Because of my own bouts within the mental health system is why I am leaning towards psych. As a occupational therapy assistant I was lead wrongly to believe I could work in psych. There are no jobs there with my degree, only in skilled nursing facilities.
    Be very careful about telling anyone you have had mental health treatment as a nurse. There are a number of nightmare-ish stories on these boards about what can happen

  • Mar 11

    Quote from Davey Do
    Understandable situation. Appropriate feelings.

    It is good that you're re-evaluating the situation and looking for ways to gain a new perspective, Dawneibals. A sign of good mental health and a desire to grow. Kudos to you!

    Sour Lemon's advice was gold: Illicit help. Be an example of one willing to do grunt work for the benefit of the patient.

    Hey Dawneibals- keep on keeping on!
    Elicit help, don't do anything illegal.

  • Mar 7

    Really??? There are very few posts that drive me to actually take the time to respond, but this one struck such a chord that I just cannot shake it off. It's clear from the number and types of responses, starting at the very beginning and continuing on through 5 pages worth, that the single "most pressing issue in nursing today" is exactly the same as it has been for the last 45+ years that I have been a Registered Nurse: the inability for nurses to get along with each other, as evidenced by the ongoing competition amongst nurses to always be "right", the continued lack of compassion and consideration for colleagues, the persistent bullying of younger and/or weaker colleagues, and the rampant defensiveness and dishonesty should anyone dare to challenge motives that are clearly self serving and intended to fit a personal agenda, regardless of whether it's a need for a graduate level research topic or just a plain old desire to stir up trouble. The original post asked a question, for whatever reason, the asker obviously doesn't want to hear an honest answer, but rather wants to continue to bait the audience. The audience takes the bait, as I acknowledge I myself did, and the bickering continues. And in the end, it's all just like arguing with a teenager: you both get dirty and the teenager loves it.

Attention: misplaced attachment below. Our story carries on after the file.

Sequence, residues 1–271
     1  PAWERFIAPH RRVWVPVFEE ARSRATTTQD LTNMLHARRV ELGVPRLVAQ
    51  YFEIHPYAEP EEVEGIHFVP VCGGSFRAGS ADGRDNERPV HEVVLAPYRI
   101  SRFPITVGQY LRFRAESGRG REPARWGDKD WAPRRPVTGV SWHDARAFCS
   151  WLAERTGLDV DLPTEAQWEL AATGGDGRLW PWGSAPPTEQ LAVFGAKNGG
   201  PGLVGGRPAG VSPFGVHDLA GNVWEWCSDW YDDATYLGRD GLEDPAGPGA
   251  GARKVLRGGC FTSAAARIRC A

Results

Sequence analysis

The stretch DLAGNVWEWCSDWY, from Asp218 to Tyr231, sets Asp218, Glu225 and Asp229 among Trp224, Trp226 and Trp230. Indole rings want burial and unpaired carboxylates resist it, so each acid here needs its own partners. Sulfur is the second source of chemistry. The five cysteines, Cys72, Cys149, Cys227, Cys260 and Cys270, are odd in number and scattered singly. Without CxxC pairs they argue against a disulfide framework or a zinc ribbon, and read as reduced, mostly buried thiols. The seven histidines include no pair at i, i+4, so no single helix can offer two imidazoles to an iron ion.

• Mar 2

    Quote from RNFiona
    Folks who enter nursing for no other reason than financial security usually make lousy nurses.